What Are My Responsibilities As a Landlord?

Before you rent out your place, you should know what your responsibilities are.

Being a landlord can be tough. On top of juggling taxes and investing your time and money into getting your place rented, you also have to keep your tenants happy.

Before you rent out your place, you should know what your responsibilities are.

The basics

Landlords are required to offer a dwelling in habitable condition. On the most basic level, this means a sound structure with hot water, heat, working locks, and sound plumbing and wiring.

Aside from the basic responsibilities, rental laws and landlord obligations vary by state. For example, in California all rooms require a window, but that’s not the case everywhere else. It’s your responsibility to read up on your local landlord-tenant laws.

Major and minor repairs

There are two types of repairs: major and minor.

As a landlord, you’re responsible for major repairs, which can include the following:

  • Busted pipes
  • Broken windows
  • Water heater or furnace issues
  • Broken toilet (particularly if it’s the only toilet)
  • Inoperable security features
  • Pest infestations

As long as major repairs are not the tenants’ fault, you have to foot the bill. However, if the tenants broke a window when moving furniture or left the house so dirty it becameinfested with mice, you can send them the bill.

Minor repairs are things such as stained carpets, holes in screen doors, creaky floors, and noisy pipes. If a repair isn’t endangering the tenants’ health or safety, you don’t have to make it.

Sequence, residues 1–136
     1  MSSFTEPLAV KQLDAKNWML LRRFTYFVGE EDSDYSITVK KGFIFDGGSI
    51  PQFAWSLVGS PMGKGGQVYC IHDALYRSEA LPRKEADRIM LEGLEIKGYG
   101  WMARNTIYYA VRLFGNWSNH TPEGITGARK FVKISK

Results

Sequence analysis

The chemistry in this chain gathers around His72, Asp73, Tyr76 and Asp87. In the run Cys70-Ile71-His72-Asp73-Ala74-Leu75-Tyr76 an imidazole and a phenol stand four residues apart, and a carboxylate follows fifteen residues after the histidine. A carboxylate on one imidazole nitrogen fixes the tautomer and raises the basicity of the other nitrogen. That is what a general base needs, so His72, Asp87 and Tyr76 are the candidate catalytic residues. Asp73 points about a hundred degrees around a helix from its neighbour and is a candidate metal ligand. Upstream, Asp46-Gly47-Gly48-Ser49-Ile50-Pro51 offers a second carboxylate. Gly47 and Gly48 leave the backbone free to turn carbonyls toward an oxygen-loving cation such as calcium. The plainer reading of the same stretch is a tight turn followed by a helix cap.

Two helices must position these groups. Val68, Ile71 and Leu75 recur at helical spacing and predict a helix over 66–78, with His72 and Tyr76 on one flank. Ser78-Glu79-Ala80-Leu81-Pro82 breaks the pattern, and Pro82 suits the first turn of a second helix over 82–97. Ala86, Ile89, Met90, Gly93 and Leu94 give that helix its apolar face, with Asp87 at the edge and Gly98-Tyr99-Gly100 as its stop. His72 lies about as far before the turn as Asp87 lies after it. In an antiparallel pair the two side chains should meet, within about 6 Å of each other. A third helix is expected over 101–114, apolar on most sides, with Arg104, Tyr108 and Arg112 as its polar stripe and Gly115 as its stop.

Paying for repairs

If you like, you can have your tenants make some repairs and credit the money toward their rent. Say a new deadbolt needs to be installed and it will cost $45. You can ask your tenants to do it; if they agree, you’d deduct $45 from their rent that month. Draw up a document that states the amount billed and have them sign it to protect yourself from future disputes.

Some repairs may become the tenants’ problem if they neglect to inform you. For example, if the tenants fail to report a central air unit upstairs leaks, causing water damage to the ceiling downstairs, your tenants might be responsible for the subsequent damage. Encourage your tenants to report any maintenance issues.

Add-on features

Some add-ons aren’t legally required to be fixed if they break. Refrigerators, dishwashers, washers, and dryers fall into this category. Make it clear in the lease that as long as the tenants properly maintain the appliance they can use it, but if it breaks, you don’t have to repair or replace it.

If you don’t make it clear, you can enter a gray area and tenants might believe you’re required to make the fixes, withhold rent, and create an adversarial relationship.

Security 

You have to offer your tenants basic security. The rules vary by county and state, but these are the most common security features:

  • Interior deadbolts
  • Lockable windows
  • Entry door peepholes
  • Working smoke detectors

In some areas you can be required to provide additional security features if requested. In New York City, for example, if a tenant requests window guards, the landlord has to install them.

Maintenance

Landlords aren’t responsible for all outdoor maintenance on single-unit dwellings. You don’t have to mow the lawn or shovel snow, although you’ll want to keep your property looking sharp. However, for multiunit apartments, snow removal is the landlord’s responsibility.

If you happen to own a rental in a homeowners association community, be sure to enforce your community’s rules for maintenance. If your tenants don’t abide by the rules, then you—not the tenants—will face a fine.

You may or may not have to provide trash removal for single-family units. In some counties, trash removal is rolled into sewage and water service—so if you’re not paying that, you don’t have to pay for trash removal. For multifamily units, it’s your responsibility to provide a dumpster and arrange for pickup.